When evaluating the effectiveness of social media campaigns, firms may consider non-numerical factors like:
- Quality of engagement and comments
- Social media relationships that translate into offline connections, new clients, and new hires
- Interest in content posted
Firms should keep in mind, however, that lack of engagement does not necessarily translate into social media failure. According to Dayton, many
in-house counsel a target audience for a lot of law firms use social media to gather useful content but don't engage: "They don't want to
comment on your blog. They don't want to chat with you on Twitter. They just want the content that makes their lives easier," said Dayton. "Just because you're
not having a conversation doesn't mean you're not having success."
In fact, the 2013 In-House Counsel New Media Engagement Survey distributed by Greentarget, InsideCounsel, and Zeughauser Group – found that 74 percent of
in-house counsel surveyed were "invisible users" who listen to the information on social media but don't engage.
Instead of focusing entirely on engagement, therefore, firms may examine the type of followers they're attracting and whether they are providing quality content
to their target audiences.
It's no secret that attorneys' time is precious, so it's not enough to simply load their blog posts on to the firm's website. In addition to promoting the posts, firms should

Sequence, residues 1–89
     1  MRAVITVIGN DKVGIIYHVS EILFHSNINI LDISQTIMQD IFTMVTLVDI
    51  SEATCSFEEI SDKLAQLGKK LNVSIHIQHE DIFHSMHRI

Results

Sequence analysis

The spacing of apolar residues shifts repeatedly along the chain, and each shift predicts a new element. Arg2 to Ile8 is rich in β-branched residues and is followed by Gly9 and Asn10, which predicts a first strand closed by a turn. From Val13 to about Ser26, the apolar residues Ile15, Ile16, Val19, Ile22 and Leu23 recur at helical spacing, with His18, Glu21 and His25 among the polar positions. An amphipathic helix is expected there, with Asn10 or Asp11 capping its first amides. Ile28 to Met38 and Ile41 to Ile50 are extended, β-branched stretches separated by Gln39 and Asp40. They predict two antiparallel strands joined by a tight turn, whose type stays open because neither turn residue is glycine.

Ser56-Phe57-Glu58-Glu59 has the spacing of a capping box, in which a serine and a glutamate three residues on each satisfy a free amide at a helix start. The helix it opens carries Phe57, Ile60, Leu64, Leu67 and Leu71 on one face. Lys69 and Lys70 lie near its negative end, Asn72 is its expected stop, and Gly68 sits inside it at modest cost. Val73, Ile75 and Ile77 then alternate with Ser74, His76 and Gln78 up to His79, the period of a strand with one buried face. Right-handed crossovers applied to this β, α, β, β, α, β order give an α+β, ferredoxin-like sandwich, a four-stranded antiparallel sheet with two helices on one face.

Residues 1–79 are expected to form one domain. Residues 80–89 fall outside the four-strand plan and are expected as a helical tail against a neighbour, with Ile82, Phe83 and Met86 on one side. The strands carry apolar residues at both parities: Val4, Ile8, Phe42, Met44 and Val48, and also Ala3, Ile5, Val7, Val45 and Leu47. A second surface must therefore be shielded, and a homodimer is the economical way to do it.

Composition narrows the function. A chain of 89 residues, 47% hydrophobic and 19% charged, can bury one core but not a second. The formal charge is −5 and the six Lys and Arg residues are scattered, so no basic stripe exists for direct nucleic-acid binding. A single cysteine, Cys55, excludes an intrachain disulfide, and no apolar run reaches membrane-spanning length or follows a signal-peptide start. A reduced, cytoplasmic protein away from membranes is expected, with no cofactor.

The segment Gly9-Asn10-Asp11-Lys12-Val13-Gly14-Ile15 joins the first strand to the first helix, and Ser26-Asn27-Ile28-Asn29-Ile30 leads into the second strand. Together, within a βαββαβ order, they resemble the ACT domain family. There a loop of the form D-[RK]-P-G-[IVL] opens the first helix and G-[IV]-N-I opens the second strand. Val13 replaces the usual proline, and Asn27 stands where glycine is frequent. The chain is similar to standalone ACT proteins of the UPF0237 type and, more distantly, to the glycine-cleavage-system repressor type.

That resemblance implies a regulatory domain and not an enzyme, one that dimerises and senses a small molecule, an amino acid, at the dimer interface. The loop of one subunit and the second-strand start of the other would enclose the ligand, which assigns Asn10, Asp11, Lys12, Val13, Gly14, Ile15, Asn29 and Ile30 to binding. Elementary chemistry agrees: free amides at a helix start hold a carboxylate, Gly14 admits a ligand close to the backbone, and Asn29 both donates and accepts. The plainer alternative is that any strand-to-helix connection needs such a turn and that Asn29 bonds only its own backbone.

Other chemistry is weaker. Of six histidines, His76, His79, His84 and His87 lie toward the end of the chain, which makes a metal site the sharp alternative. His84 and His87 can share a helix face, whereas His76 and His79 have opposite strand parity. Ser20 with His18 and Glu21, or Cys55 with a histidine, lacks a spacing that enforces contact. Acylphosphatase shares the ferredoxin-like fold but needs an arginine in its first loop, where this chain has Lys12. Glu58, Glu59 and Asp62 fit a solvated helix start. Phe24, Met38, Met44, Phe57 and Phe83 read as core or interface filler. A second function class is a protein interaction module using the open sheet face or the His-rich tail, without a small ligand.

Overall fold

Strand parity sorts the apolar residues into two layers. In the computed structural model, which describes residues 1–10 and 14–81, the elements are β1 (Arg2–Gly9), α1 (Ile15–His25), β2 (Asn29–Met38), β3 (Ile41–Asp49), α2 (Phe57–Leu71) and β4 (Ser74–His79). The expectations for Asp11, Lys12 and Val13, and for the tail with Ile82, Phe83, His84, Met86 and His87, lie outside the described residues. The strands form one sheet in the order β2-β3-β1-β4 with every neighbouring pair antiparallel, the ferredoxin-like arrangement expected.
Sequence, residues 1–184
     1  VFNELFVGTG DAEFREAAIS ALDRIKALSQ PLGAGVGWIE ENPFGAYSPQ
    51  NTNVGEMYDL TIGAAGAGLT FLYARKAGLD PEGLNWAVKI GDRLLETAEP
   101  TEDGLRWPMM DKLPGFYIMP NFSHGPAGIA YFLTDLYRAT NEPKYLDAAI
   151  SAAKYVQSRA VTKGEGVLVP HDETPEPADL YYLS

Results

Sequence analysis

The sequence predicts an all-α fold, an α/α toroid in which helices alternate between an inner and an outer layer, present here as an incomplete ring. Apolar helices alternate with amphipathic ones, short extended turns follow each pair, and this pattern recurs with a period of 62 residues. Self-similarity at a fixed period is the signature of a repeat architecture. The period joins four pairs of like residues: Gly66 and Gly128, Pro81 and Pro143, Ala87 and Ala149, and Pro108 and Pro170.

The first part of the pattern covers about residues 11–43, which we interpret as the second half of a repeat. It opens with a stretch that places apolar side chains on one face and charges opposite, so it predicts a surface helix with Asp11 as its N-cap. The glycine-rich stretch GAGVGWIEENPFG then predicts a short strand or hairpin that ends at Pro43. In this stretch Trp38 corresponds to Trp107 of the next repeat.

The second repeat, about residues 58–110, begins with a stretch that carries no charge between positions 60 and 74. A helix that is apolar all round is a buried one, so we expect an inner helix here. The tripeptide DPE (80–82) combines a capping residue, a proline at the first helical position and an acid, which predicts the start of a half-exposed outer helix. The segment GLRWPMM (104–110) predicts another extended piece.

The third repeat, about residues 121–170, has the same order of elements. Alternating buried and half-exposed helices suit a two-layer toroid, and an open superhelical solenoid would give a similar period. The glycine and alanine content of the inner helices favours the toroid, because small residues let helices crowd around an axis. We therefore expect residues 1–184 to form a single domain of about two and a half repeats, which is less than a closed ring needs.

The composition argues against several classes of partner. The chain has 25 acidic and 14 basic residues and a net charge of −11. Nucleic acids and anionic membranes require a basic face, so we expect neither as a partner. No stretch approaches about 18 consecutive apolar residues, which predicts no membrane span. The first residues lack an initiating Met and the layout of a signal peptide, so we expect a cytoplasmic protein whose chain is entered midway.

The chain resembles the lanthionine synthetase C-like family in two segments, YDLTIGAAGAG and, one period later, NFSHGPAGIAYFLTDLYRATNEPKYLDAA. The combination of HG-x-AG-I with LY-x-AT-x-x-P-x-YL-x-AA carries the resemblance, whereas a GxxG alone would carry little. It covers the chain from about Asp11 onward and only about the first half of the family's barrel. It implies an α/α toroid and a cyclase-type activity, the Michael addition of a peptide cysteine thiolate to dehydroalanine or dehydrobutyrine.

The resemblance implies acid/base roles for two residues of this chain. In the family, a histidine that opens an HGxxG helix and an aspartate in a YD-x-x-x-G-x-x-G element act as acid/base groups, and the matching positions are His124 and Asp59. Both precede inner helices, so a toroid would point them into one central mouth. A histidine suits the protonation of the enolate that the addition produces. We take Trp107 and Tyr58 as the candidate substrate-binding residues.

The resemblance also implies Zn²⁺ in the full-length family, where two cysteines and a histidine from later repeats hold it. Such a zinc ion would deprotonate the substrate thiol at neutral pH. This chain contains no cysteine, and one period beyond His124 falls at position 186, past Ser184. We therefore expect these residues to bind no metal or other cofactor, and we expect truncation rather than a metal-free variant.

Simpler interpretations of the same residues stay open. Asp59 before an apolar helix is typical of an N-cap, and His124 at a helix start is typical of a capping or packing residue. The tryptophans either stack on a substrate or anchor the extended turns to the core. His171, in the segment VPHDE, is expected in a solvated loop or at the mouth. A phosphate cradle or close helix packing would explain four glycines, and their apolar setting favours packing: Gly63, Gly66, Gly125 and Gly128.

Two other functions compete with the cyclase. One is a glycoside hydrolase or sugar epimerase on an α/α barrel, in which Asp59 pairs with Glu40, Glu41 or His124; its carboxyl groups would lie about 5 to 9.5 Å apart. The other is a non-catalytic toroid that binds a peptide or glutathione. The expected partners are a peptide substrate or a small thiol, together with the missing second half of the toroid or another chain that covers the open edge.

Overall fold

also measure readership to maximize attorneys' efforts. Some potential tools include:
Internal Metrics: A firm that uses a platform to monitor its website activity can gauge how many readers are viewing the firm's blogs in general and how
many are reading each individual post. In addition, firms can track how many people comment on the blog posts if personal engagement is among their goals.
Third-Party Platforms: Firms may also step outside of their own website to measure whether and how much particular blog posts have been mentioned across
the web. Through services like Google Alerts and Cision's Online Media Monitoring, firms can set up tailored searches that continuously monitor the web for mentions.
Social Media: Once a firm has shared a blog post via social media, it can track its reception by measuring how many people "like," share, and comment on
it (keeping in mind that lurkers may find the content useful without engaging). A firm can also employ social plugins to track which posts people share directly from its
From the copy to attorneys' bios to blog posts to recruiting materials, a firm's website is arguably its most important digital ad. Firms can create their own monitoring platform
or use an outside platform like Google Analytics to track trafficking trends. Some areas that firms may want to monitor include number of visitors, page views, how